TED Conversations

Hadar Cohen

Cooper Union for the Advancement of Science and Art

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Is the heart overlooked when it comes to intelligence?

The center of the nervous system, the brain, has been popularly defined as the fundamental core of intellectual activity. Yet, in my Bioelectricity class with Professor Nina Tandon, we learned about recent research suggesting that information processing in the body may in fact be more distributed.

For example, there is increasing evidence suggesting that the cardioelectromagenetic field can actually affect human beings in close proximity.These signals are stronger in amplitude when in direct contact, but are still detectable up to several feet away from the source. Through these interactions, the heart transfers energies between human beings. The heart can therefore be characterized as the engine for distributing and controlling energy of the human body.

These extraordinary results illustrate that the heart is not only responsible for blood regulations, but is also a very powerful intelligence system.

This made me wonder, could intelligence be distributed through the body in ways we might not expect? Could this information sent to the brain perhaps even influence emotional states? Or provide insight into some of the unexplained links between "mental" and "bodily" diseases (eg Alzheimer's and cardiac disease etc)?

See: http://www.ncbi.nlm.nih.gov/pmc/articles/PMC3547419/
http://onlinelibrary.wiley.com/doi/10.1113/expphysiol.2007.041178/full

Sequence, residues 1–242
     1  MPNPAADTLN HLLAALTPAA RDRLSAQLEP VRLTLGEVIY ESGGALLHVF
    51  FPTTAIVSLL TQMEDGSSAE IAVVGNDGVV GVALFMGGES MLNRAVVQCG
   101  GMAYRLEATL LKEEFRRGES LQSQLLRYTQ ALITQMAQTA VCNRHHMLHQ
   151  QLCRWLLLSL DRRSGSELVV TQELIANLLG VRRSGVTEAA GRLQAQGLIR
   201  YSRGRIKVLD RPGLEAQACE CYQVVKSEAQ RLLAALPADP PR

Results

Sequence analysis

and http://books.google.com/books?id=pvkpdNHhI6cC for more details

Given that the heart and other organs are frequently excluded from the
intellectual discussion, I would like to ask the Ted community, how do
these new findings affect how we view intelligence? How will our
interactions with each other differ if we view more of our bodies as
"intelligent?"

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    Apr 16 2013: Hi Hadar,

    It is interesting to ponder possibilities of an alternate intellectual infrastructure of the human body, however, I don't think that evidence of a cardioelectromagenetic field affecting a human in close proximity is evidence that a deeper intellectual system manifested in the heart or other organs may exist. Why is this alleged cause and effect relationship between an electromagnetic field and a human different from the sense of touch or any other sensory input that the brain perceives? I'm not sure what you mean by "intelligence" though. Many complex and "intelligent" processes occur to make even the simplest of bodily processes possible. At least for me personally, these findings will not have any affect on how I interact with other humans. Even if I do believe a person's heart is "smart", what difference does the source (brain or other organ) of intelligence make? Just my two cents.

    George

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